A CBC Nova Scotia investigation has learned the newly rebuilt Bluenose ll may have to come back out of the water to fix on-going problems with the steering system.

Two weeks ago, CBC reported the steering gear from the schooner had been removed to make modifications after workers were only able to turn the wheel a limited amount and with great effort. 

The gear has since been reinstalled; however, the wheel of the ship is still difficult to turn.  

Peter Kinley, president and CEO of Lunenburg Industrial Foundry, says a person has to apply about three times more weight to the wheel than normal. 

"It works to a degree, but it's heavy for the helmsman to actuate the steering, to turn the wheel," he said.

The foundry is one of three companies that make up the Lunenburg Shipyard Alliance that rebuilt the Bluenose ll. The international icon is tied up at a wharf in Lunenburg.

Add buoyancy to rudder

Kinley believes the government should be looking at the rudder to fix the steering. It's made out of solid steel and weighs several tonnes.

"We've suggested adding buoyancy to the rudder itself in order to lighten the load on the steering gear."

Kinley says that could mean encasing the rudder in a material that's lighter than water; for example, wood or Styrofoam.

He says another possibility is a new hollow steel rudder, or a wooden rudder, similar to what was on Bluenose ll before reconstruction began. 

Kinley says his company built the rudder, but disagreed from the start on the design.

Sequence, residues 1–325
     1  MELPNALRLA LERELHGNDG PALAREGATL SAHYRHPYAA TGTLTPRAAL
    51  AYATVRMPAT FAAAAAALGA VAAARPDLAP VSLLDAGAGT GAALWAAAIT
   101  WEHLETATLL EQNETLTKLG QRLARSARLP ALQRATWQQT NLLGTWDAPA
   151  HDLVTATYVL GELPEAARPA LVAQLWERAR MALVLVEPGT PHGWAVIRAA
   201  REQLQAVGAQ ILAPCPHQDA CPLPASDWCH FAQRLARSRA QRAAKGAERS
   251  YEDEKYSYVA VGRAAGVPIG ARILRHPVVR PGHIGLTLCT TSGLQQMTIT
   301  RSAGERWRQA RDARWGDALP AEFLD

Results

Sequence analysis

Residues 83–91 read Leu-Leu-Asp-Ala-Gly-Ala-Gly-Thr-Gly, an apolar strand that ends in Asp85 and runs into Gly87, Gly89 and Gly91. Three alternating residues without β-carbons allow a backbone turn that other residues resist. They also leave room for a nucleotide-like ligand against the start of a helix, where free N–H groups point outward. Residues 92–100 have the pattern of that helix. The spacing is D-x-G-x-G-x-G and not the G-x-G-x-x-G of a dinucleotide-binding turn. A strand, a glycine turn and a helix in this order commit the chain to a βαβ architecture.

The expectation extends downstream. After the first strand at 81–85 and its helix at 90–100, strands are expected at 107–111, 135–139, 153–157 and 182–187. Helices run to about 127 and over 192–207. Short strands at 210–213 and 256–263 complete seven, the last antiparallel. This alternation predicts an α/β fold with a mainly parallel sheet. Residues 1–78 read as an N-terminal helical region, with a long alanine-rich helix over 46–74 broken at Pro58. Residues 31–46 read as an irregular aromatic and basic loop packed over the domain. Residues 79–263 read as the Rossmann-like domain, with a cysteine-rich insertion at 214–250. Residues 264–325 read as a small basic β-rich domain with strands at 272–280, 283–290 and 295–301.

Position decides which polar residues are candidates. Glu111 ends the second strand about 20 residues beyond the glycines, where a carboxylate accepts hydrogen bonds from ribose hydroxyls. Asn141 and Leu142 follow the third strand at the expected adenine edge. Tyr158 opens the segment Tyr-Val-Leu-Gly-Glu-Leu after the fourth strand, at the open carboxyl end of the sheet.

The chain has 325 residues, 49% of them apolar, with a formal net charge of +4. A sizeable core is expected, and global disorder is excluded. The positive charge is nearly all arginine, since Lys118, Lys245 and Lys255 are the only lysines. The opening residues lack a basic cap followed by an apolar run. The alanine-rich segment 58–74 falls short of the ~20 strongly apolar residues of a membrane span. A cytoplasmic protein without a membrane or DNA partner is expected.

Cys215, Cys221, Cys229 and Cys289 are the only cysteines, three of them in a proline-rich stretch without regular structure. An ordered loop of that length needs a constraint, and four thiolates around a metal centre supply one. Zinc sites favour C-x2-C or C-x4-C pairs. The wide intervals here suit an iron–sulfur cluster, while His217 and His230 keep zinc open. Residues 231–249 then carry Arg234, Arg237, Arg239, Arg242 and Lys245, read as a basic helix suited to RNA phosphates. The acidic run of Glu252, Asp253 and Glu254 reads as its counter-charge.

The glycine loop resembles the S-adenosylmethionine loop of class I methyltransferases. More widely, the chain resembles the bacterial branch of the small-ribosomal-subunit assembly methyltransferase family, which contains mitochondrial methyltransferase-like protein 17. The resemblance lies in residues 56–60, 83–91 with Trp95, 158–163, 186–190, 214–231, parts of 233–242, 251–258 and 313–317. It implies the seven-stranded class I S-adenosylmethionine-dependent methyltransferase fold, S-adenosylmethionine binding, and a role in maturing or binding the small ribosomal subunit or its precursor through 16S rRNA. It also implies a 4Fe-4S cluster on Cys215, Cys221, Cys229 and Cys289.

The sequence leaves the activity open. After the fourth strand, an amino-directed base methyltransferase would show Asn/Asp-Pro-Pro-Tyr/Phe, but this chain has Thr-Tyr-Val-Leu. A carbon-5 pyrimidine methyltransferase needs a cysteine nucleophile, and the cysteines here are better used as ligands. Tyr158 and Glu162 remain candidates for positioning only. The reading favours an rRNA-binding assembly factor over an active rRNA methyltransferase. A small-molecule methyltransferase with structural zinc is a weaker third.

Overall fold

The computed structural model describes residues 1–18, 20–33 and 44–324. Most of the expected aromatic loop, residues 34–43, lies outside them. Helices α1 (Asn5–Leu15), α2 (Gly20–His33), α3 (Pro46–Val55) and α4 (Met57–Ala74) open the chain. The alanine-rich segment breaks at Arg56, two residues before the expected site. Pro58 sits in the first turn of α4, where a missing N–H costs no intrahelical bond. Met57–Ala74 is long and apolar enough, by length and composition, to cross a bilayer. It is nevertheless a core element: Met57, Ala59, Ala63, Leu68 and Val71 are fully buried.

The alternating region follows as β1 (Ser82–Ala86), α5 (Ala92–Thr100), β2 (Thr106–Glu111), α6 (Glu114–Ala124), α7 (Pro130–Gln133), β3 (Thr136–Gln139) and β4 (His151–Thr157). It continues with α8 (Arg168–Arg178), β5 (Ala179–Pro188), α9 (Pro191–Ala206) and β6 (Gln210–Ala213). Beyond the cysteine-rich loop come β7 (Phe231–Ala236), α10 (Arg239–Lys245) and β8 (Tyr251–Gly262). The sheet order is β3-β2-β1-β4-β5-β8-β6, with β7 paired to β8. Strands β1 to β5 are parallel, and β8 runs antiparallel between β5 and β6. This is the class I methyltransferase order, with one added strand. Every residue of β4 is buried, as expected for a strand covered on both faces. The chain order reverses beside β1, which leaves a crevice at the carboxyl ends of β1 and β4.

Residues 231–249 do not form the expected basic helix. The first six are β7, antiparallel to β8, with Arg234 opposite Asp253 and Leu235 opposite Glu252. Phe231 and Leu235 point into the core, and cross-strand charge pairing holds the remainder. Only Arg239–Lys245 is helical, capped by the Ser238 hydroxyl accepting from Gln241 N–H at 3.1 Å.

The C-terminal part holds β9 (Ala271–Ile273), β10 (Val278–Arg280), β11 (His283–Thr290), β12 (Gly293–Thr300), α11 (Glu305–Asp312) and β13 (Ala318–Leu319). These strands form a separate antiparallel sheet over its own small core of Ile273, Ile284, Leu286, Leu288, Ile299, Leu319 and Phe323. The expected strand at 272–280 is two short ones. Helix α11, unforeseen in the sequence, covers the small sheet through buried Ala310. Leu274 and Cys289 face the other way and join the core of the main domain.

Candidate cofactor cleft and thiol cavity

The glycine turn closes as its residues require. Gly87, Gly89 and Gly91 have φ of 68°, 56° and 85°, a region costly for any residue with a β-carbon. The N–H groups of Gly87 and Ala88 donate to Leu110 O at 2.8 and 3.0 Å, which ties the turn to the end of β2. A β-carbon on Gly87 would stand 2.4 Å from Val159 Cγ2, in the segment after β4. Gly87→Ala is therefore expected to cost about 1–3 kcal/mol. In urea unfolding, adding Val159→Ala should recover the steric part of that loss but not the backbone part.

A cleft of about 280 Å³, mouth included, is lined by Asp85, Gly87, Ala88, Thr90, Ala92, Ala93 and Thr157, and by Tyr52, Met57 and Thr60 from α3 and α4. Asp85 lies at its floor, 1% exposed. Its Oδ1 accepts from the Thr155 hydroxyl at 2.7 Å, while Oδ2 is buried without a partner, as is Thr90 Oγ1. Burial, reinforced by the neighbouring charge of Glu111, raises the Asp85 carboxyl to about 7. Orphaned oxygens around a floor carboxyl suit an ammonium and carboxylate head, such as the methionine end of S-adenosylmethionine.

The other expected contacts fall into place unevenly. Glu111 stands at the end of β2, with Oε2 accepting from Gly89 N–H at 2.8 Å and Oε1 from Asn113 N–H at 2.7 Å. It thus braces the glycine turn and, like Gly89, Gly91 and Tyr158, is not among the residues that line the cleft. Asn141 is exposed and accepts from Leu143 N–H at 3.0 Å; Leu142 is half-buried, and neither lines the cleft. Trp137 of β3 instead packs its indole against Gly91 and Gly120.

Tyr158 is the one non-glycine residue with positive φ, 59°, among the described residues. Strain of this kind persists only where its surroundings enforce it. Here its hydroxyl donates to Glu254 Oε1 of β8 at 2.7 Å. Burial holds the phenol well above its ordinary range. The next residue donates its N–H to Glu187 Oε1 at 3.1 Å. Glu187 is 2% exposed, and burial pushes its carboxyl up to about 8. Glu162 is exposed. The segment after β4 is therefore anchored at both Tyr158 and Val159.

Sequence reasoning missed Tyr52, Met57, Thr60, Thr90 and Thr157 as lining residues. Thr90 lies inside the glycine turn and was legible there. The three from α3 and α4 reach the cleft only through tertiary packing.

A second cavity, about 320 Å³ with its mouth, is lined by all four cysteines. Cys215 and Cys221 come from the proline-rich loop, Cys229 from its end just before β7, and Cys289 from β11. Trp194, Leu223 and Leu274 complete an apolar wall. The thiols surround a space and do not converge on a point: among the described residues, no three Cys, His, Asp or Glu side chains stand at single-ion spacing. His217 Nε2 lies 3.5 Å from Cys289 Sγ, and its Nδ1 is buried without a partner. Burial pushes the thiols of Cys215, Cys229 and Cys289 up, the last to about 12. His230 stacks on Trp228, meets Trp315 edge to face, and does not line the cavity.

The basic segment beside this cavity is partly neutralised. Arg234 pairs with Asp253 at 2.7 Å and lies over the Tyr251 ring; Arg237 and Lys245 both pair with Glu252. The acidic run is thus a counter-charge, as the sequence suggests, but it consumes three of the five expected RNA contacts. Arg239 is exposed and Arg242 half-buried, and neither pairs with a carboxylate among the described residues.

He says the alliance told the government repeatedly the rudder was going to be a problem. 

"When we were first notified that they wanted to use a rudder like this, we responded directly to the owner and the designers that we didn't think it was a good idea."

Kinley says changes to the design of the rudder added to the cost and time involved.

"We built it as the specification was unveiled to us, in a rather piecemeal way. Some of the components had to be changed on the fly as it was discovered that they would not work. So additional work was required to achieve the construction." 

Millions of dollars over budget

Lengkeek Vessel Engineering of Dartmouth, which designed the vessel and the rudder, did not respond to inquiries from CBC.

CBC also asked to speak with MHPM, the project manager, about the delays and design issues, but was referred to the provincial government.

The project is two years behind schedule and millions of dollars over budget. The price tag currently sits at $16.7 million — a figure the government says will rise before the work is completed. 

In an email to CBC, the province says Bluenose ll will go on a "test drive" before proceeding with sea trials.

"This will provide the opportunity to test the steering gear and other ship systems while the vessel is in motion. It will also help to determine if the vessel is ready for sea trials, which is the final phase of the project," wrote Glenn Friel, a spokesman with the department of communities, culture and heritage. 

The province concedes the project is "long overdue."

"We're not willing to compromise on safety and quality. We recognize that there may be a need to take the vessel out of the water to resolve the issues," Friel said. 

Earlier this year, Premier Stephen McNeil called the project a "boondoggle" and asked the auditor general's office to investigate. It has since begun an audit of the project.